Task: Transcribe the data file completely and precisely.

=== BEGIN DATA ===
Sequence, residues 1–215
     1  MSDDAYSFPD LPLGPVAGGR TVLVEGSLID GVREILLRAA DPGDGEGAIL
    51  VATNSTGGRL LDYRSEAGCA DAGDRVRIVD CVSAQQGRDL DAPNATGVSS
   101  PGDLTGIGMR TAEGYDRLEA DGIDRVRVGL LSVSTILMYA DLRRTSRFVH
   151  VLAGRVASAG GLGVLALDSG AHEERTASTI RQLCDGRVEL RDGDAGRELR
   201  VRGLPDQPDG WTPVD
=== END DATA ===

Sequence, residues 1–215
     1  MSDDAYSFPD LPLGPVAGGR TVLVEGSLID GVREILLRAA DPGDGEGAIL
    51  VATNSTGGRL LDYRSEAGCA DAGDRVRIVD CVSAQQGRDL DAPNATGVSS
   101  PGDLTGIGMR TAEGYDRLEA DGIDRVRVGL LSVSTILMYA DLRRTSRFVH
   151  VLAGRVASAG GLGVLALDSG AHEERTASTI RQLCDGRVEL RDGDAGRELR
   201  VRGLPDQPDG WTPVD